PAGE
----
In a Season of sorrow, Graham Dickason is a blinding light of grace


I don’t think we understand the full psychological impact of our lockdowns and the immense stresses those changes have generated in people who need certainty.

We know our domestic violence rates are spiking and there is an ocean of anecdotal examples suggesting people are at breaking point emotionally, that’s not an indictment on the lockdowns or attempting to point a finger of blame, it is the naked reality of what we’ve collectively experienced and the fall out from that.

How else to explain the sudden burst of violence from the obscene murder of Lena Zhang Harrap, the horrific murder of the Dickason children or the worrying question marks over Thomas Phillips & his 3 missing daughters.

To sexually assault and kill a Down Syndrome person in public, to murder ones own children or to disappear with them – the awfulness and pain from the deaths of such vulnerable people stuns the senses at the cruelty of it.

This is a season of sorrow and I fear as we clamber out of our self isolation bubbles this violence will only erupt.

In such a bitter rain of tears, Graham Dickason’s forgiveness of his wife for the killing of his 3 daughters actually makes you think there could be a God. His dignity and grace at a moment of total horror is an inspiration to us all…

“Please also pray for my lovely Lauren as I honestly believe that she is a victim of this tragedy as well,” he had written.

“People that know her well will testify to that, I have no doubt. I have already forgiven her and I urge you at your own time to do the same.”

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…I can’t articulate the courage and strength to contemplate those words let alone have them spoken.

His example is of a hope and love that conquers all and as we watch some of our damaged fellow human beings erupt with unexplainable violence over the next few months, his example will be all we can hold on to.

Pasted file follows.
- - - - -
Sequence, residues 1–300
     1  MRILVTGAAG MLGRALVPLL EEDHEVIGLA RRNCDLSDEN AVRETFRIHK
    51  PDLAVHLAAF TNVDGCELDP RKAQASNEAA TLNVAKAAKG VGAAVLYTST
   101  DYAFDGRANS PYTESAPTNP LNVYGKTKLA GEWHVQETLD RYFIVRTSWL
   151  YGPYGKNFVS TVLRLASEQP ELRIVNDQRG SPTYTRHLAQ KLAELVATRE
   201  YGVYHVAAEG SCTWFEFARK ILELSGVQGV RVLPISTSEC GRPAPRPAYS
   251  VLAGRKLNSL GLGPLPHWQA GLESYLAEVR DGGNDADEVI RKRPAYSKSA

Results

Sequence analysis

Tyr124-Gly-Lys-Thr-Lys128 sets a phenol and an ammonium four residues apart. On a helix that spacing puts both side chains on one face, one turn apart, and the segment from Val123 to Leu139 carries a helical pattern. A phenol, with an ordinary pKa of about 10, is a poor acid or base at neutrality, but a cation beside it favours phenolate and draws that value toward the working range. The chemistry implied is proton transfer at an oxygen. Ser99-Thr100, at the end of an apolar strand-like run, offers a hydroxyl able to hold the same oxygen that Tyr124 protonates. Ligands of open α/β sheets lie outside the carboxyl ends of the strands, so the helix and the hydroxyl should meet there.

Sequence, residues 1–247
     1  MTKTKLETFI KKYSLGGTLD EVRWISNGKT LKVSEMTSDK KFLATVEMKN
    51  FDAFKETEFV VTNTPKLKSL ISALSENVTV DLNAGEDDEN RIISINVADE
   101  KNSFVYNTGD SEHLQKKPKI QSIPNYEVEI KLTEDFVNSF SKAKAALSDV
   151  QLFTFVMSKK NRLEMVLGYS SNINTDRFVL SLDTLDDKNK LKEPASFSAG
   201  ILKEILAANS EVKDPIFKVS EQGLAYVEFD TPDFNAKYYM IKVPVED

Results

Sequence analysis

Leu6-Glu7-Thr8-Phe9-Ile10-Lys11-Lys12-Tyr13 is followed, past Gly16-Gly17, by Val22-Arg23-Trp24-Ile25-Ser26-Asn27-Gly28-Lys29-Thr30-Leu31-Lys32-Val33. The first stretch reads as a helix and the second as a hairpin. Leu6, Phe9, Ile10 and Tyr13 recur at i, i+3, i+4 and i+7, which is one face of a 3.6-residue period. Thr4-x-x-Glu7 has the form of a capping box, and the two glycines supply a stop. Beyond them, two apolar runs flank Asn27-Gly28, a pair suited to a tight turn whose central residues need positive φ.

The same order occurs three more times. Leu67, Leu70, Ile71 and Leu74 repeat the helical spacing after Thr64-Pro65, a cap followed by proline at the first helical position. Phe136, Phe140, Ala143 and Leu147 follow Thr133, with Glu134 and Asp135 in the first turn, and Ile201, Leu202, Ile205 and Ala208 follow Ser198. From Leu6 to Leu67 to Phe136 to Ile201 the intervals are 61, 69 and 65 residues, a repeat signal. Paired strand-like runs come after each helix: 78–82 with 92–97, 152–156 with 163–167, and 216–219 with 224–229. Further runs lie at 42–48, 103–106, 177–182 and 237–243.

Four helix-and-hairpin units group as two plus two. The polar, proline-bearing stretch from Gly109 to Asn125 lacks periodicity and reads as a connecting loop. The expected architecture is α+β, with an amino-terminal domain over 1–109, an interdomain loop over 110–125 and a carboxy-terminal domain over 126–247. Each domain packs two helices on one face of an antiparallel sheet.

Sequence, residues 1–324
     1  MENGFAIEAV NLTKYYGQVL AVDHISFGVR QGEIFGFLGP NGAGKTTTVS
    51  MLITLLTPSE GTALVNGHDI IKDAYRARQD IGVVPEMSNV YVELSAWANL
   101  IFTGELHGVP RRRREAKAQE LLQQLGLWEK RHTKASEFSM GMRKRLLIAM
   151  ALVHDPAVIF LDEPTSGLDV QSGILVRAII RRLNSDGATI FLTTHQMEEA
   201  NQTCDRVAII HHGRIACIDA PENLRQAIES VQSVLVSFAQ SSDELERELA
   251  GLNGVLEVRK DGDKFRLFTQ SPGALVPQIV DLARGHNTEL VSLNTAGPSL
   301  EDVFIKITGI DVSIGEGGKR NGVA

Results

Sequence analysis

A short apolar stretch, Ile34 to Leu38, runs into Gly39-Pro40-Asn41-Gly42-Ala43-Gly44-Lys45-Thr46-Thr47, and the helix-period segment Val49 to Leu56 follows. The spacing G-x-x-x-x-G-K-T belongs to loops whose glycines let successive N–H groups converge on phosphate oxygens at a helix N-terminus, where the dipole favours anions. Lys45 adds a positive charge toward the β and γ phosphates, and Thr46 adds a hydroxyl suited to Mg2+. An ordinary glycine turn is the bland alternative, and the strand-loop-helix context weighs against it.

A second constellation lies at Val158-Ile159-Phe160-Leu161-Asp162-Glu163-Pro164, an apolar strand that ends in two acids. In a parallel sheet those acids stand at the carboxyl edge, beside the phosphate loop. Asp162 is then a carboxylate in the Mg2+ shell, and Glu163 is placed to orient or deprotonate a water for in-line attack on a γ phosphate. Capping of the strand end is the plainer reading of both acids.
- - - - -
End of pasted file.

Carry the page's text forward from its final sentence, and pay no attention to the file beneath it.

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  1. Forgiveness of perpetrators is quite regularly bestowed by survivors and close family in horrific cases like these kids murder. I used to wonder why, is it genuine, and why so quickly?

    A friend of mine was terribly treated by her father when young, mainly psychologically but physically as well, he kicked her mother out and took up with a younger woman (same age as my friend) and relations between my friend and father were non existent to rocky for many years. But in late middle age my friend went and saw him and began a new relationship with him and forgave him.

    I was stunned and asked “how could you do that, he is an arsehole”? She replied “I did it for me, so I could carry on and have a life”

    • You have provided an excellent answer in your last sentence. I have seen so many people who never let go of past wrongs & it ends up making a mess of their life.
      Unlike Martyn I do believe in God which is where the ultimate forgiveness comes from although Christians as a group are often unforgiving or loving which is usually the easiest way to tell how genuine their faith is.

  2. I have read about adult family members being distraught about a tragedy. The hardened police may look with heightened concern – compassion but also the thought ‘ Is it OTT, and why?’

  3. Actually sounds like the opposite happened last Covid. Suicide rates down. People feeling better.

    Coronavirus: Suicide rates went down during lockdown in NZ, Australia, other countries – study
    There was no evidence of any lockdown-triggered increase in any of the 21 countries, and 12 of them actually saw suicide numbers go significantly down. New Zealand had 20 percent fewer than expected, based on past trends. Australia fared almost as well.

    The finally got Kiwis to start saving….

    The newly mindful Kiwi is spending less on everyday discretionary items, is paying down debt, saving more and spending more on significant items, according to a new survey by the University of Otago.

  4. I am hoping some good comes out of this bad. I’m also hoping we can get to being more on a spiritual level and less materialistic that is what is crippling the world. I have always put plants animals, walking on my own before humans. I grew up in the 60’swhere life was so good and simple in NZ. Immigration has taken away from NZ. I feel like a tenant in my own country!

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